Education as if people and planet matter must be based on very different, life-affirming values. Most teachers are motivated by a desire to care for children, so even now, in small ways, the system subverts itself covertly. In fact, I think this is what happens when a wasp disrupts my English class. Years after that first wasp lesson, a student gave me a thank-you card when she left school. She said that I had inspired her to participate in the Youth Strike for Climate and to study philosophy at university. To my astonishment, she cited not my many carefully planned lessons and assemblies around climate change, but “when you held the wasp.”

Pondering this has led me to the view that education’s purpose is best expressed not in terms of Schumacher’s abstract ideas of value, but in terms of concrete relationships. Answering his unavoidable question places people in relationships with each other and Nature, and these roles become the fundamental learning outcomes of the education system, feeding through into the economy and wider society. When I held the wasp, students’ relationships with wasps were transformed from something like antagonism to something more like allyship, and for at least one this set her on a new path.

There are several dimensions to the way this transformation takes place in the wasp lessons. Firstly, there are some facts which students have to make sense of. They are about how wasp and human interests align. The ecophilosopher Freya Mathews says, “if my identity is logically interconnected with the identity of other beings, then … my chances of self-realization depend on the existence of those beings… our interests converge.” Such information is necessary if people and planet both matter.

Secondly, an emotional dimension moves students from alarm towards empathy. In Life’s Philosophy, the philosopher of deep ecology Arne Naess argues for an education that takes “more account of feelings”, committing a chapter to cultivating “A feeling for all living beings”. An education system fit for the future today’s children face would produce emotionally literate young adults, more aware of deep motives in themselves and others, and experienced in conflict resolution.

But without a wasp present in the room, I doubt I’d have received that thank-you card, just as reading this essay you cannot ask some of the questions my students have asked over six years: “What’s it doing now?” “Can I hold it?” The presence of a living being is compelling, but factory education is addicted to smartboards, as though consciously acclimatising children for a semi-virtual life. What if children’s curricular entitlement was expressed in living encounters rather than topics? Outdoor classes would be a daily expectation. Visits by artists, asylum seekers and war veterans would be as commonplace as textbooks. Neoliberal education relies on divorcing school life from community life, but students of every age should be deeply involved in serving their local communities, for example by growing food, visiting old people and creating what Schumacher called intermediate technologies.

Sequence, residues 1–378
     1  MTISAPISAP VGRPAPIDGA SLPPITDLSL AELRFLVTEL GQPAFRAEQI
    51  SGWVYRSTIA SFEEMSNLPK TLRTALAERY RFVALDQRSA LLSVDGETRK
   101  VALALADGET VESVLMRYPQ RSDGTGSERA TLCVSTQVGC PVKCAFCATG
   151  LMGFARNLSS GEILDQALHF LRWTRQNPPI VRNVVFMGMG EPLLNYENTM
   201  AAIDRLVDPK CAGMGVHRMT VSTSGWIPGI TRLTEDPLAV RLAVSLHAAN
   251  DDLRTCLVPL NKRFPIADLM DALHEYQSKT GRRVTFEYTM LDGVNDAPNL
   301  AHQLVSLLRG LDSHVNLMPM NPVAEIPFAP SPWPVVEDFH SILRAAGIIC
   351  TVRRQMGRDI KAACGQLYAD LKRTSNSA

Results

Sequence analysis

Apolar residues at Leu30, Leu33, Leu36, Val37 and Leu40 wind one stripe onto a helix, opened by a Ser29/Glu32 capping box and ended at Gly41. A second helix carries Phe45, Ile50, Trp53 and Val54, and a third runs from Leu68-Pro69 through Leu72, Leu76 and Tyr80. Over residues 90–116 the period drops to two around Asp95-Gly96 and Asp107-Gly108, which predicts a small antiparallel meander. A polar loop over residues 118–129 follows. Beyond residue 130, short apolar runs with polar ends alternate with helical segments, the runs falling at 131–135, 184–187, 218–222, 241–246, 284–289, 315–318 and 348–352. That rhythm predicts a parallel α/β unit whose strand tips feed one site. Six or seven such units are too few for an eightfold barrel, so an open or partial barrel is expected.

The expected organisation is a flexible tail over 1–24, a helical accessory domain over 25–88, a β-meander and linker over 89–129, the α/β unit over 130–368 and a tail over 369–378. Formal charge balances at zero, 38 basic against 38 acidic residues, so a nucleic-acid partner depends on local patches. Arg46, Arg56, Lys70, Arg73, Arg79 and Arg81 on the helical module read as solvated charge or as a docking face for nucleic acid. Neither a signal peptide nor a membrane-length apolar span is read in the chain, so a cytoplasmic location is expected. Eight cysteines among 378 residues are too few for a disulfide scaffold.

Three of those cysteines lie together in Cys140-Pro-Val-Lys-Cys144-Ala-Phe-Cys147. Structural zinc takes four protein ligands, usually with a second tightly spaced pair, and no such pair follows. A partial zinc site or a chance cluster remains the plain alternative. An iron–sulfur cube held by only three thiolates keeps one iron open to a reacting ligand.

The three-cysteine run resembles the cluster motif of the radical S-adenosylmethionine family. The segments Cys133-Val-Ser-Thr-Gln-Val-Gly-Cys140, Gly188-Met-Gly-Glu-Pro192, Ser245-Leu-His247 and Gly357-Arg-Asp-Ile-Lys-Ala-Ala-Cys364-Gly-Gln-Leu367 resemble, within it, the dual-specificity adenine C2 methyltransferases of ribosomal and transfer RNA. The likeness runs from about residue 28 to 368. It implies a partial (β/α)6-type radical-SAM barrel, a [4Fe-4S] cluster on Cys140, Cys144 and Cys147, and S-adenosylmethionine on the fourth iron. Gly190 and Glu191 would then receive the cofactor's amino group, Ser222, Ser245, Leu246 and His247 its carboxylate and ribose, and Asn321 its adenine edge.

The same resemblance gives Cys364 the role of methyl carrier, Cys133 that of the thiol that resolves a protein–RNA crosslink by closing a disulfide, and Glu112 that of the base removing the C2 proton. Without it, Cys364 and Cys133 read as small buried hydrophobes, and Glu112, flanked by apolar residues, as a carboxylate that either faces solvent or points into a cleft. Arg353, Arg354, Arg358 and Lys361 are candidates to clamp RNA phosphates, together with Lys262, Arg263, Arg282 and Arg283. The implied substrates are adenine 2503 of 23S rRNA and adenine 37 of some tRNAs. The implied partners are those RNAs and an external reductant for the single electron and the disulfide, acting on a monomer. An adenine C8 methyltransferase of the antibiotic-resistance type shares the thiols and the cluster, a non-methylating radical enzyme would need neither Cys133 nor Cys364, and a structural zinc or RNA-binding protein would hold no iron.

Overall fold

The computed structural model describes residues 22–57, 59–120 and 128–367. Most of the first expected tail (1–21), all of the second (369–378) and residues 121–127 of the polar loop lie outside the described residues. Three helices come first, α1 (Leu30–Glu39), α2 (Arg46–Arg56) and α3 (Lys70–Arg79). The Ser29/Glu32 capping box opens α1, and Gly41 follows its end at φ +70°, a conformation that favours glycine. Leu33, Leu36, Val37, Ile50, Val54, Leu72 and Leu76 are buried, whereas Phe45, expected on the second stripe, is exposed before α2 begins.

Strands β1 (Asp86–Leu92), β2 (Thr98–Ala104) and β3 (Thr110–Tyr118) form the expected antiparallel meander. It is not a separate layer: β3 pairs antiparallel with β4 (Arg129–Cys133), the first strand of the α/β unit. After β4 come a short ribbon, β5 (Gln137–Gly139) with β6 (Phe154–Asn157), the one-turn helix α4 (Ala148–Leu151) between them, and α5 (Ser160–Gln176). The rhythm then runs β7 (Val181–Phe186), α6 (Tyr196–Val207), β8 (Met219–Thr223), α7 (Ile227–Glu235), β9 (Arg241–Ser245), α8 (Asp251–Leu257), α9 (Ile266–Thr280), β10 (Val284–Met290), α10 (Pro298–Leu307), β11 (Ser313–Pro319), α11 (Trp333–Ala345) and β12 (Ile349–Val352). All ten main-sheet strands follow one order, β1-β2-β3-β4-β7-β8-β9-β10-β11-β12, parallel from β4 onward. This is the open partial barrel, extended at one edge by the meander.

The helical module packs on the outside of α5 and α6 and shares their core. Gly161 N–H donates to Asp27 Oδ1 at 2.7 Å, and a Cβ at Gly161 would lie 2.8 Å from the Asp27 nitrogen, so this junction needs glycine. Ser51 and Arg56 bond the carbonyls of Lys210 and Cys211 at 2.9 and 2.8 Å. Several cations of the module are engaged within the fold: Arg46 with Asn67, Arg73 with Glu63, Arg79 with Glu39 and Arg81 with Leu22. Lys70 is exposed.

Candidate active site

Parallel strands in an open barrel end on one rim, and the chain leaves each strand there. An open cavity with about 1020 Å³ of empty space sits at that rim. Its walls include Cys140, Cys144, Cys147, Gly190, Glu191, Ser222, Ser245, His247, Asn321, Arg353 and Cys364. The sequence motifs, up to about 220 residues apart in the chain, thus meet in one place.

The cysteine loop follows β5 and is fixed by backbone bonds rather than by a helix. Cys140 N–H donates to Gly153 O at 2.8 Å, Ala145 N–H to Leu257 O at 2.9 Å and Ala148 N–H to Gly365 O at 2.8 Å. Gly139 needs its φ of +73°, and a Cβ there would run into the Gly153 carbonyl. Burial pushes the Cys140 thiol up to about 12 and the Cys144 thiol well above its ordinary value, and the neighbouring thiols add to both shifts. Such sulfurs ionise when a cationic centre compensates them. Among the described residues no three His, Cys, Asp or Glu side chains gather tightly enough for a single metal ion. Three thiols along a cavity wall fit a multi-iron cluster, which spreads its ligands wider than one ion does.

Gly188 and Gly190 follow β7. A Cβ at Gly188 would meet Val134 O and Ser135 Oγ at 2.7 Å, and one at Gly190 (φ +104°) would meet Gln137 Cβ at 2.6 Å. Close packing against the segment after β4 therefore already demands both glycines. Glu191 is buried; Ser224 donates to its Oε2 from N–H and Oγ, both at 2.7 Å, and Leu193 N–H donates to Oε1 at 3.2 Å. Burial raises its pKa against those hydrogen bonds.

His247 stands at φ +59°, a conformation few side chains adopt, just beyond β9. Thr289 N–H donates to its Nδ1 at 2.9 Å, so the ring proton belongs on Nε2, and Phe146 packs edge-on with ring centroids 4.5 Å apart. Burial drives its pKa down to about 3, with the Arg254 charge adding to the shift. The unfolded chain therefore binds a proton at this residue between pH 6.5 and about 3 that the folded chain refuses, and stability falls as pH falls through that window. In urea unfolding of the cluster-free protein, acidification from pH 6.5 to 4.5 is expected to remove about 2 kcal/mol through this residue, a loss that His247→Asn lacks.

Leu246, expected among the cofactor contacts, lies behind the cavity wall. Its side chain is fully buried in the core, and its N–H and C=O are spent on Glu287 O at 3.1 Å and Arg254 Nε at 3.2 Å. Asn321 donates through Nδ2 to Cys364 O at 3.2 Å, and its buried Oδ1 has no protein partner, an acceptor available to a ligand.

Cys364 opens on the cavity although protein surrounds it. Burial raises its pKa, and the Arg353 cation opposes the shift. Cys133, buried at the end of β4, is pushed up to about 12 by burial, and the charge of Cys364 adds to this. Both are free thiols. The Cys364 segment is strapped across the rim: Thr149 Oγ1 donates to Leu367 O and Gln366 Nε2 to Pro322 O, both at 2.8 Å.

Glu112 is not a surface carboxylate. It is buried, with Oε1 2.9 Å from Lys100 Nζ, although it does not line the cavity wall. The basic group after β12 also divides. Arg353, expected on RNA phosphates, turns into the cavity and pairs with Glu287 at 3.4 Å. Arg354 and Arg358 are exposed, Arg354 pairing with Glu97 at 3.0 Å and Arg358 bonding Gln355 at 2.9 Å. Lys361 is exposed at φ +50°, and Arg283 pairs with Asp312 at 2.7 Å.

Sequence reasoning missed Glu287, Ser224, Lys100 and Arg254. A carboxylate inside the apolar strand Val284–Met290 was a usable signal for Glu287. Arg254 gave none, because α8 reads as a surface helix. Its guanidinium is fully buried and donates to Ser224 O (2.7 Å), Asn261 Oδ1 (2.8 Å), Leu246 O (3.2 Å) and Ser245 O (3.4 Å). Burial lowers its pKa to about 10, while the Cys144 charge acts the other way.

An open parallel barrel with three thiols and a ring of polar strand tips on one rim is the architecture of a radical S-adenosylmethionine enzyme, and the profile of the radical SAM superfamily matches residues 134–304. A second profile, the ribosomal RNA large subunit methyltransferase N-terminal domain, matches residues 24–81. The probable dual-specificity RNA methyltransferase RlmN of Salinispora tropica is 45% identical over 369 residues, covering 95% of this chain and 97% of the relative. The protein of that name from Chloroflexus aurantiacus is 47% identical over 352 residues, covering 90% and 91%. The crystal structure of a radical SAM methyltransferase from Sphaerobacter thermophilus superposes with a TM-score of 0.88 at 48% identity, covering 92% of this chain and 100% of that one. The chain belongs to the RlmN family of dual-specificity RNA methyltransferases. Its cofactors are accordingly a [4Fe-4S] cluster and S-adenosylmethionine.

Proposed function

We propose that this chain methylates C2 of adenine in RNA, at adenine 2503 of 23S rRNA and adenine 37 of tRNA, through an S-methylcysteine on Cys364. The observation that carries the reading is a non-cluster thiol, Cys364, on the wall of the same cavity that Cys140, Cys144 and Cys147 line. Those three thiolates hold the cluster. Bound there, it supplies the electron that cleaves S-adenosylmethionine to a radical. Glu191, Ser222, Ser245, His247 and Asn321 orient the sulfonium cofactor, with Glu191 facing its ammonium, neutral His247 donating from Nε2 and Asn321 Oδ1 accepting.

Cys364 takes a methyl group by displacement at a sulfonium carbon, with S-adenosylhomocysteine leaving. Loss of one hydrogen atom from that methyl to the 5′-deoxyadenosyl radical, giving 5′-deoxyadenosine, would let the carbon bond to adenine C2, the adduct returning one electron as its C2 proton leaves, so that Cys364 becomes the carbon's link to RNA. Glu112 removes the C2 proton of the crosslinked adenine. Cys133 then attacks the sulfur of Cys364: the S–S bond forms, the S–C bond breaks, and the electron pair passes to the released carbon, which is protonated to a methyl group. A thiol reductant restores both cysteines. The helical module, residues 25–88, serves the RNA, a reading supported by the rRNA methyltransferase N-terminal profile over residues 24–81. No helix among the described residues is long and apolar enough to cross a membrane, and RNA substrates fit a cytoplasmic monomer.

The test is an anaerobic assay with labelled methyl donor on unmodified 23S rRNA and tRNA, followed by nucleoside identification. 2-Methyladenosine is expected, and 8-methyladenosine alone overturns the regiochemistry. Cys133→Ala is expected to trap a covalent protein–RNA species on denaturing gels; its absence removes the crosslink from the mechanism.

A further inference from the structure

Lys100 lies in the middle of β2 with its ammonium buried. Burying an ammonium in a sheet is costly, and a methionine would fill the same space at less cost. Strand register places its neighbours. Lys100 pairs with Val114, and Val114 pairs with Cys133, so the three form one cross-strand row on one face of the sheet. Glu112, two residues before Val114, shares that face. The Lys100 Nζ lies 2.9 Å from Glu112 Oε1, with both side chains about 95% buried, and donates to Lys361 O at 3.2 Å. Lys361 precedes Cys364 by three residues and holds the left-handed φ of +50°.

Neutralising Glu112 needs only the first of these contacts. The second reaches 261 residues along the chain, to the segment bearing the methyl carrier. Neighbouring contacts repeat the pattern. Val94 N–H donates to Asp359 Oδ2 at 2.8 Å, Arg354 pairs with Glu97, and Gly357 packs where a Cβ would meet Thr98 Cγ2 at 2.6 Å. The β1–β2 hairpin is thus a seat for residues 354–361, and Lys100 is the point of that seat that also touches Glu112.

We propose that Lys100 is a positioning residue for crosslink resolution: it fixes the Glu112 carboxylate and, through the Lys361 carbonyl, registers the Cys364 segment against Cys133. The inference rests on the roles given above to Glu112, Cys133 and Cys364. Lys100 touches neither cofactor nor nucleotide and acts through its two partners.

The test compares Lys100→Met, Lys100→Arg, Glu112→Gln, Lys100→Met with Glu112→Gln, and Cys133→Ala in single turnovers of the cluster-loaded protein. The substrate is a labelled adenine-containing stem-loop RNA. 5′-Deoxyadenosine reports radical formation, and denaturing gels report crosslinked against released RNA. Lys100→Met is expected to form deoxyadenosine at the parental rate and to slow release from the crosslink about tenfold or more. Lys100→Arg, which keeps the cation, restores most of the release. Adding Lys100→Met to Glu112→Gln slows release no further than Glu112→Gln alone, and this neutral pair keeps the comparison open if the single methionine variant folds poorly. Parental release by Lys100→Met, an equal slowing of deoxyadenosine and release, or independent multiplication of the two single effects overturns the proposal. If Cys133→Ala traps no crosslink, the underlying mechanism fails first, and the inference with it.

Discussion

Finally, there is magic in the spontaneity of the wasp lesson. Naess links the central “feeling of being on a voyage of discovery” to slower, deeper learning within a spacious curriculum. Factory learning is ruled by the monstrous god Chronos, but wise education must revere the Greeks’ friendlier god of time, Kairos, whose educational incarnation is the teachable moment. This spring, when he has alighted incarnated as a wasp, I’ve dived into big questions: given that there is no known biological life anywhere else in the universe, how valuable is a wasp? Who gave you the idea that it’s OK to kill wasps? If “everyone” thinks so, does that make it true? (So the best of liberalism still contributes!) What kind of education system tells you about subjunctive clauses before you’re twelve, but never explains why we need wasps? What else is it not telling you?

Around 2,400 years ago the Taoist teacher Zhuang Zhou wrote, “I know the joy of the fishes in the river through my own joy as I go walking along the same river.” If we take young people for those walks, literal and figurative, the relationships they form with people and planet will empower them to work out the rest for themselves. A student recently said: “Sir, I think you’ve convinced my brain that wasps are OK, I just don’t know if I like this one.” Before I could respond, someone else piped up, “Sammy. He’s called Sammy. Bet you don’t want to kill him now!”

The essays to receive second and third prize, by Deepa Maturi and Guy Dauncey respectively, are available to read here. For more information about the prize, visit www.campus.dartington.org/schumachercollege-essay-comp-winner

Matt Carmichael is a secondary school teacher from Leeds.